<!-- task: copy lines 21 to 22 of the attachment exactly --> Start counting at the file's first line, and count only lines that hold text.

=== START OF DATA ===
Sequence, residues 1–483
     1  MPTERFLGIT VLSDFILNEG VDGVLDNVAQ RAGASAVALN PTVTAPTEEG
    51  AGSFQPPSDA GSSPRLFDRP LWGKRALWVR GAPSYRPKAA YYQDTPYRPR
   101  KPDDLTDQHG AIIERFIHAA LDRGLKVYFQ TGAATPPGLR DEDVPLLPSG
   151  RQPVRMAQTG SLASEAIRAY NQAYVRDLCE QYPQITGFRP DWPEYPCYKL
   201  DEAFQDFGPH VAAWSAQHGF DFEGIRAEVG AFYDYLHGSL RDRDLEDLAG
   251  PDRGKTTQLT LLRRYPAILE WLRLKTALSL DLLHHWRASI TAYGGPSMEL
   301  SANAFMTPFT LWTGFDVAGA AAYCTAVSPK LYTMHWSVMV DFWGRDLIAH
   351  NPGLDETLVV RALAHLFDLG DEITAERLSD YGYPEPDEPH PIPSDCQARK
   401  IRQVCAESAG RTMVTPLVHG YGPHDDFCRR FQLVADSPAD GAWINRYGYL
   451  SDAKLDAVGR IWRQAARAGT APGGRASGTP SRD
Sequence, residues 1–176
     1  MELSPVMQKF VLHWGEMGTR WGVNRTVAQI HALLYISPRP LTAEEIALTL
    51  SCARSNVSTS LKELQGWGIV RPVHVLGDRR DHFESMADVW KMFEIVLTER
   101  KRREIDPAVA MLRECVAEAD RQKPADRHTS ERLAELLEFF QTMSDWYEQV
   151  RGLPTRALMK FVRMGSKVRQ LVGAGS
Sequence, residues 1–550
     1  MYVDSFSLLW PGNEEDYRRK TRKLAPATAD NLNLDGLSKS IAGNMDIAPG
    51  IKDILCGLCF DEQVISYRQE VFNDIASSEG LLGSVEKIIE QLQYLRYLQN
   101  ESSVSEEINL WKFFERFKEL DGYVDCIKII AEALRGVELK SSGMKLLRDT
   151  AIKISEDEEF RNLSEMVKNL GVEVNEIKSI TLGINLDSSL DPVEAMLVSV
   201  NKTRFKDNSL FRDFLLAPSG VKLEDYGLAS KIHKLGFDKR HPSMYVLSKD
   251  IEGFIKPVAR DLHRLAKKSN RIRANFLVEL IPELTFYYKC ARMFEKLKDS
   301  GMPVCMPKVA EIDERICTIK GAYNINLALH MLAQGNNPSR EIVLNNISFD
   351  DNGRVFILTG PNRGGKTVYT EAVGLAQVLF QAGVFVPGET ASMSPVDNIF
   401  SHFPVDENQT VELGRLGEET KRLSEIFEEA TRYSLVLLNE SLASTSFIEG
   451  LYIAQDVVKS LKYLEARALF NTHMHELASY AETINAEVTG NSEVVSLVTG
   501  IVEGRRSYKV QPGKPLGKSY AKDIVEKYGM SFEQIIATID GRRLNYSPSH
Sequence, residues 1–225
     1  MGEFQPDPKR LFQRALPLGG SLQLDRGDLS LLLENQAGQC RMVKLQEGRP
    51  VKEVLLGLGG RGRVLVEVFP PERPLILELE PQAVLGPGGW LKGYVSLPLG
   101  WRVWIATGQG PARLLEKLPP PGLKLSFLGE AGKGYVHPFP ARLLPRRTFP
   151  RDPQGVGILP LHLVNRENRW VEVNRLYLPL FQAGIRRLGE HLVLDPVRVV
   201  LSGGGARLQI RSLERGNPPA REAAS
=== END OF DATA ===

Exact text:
   151  AIKISEDEEF RNLSEMVKNL GVEVNEIKSI TLGINLDSSL DPVEAMLVSV
   201  NKTRFKDNSL FRDFLLAPSG VKLEDYGLAS KIHKLGFDKR HPSMYVLSKD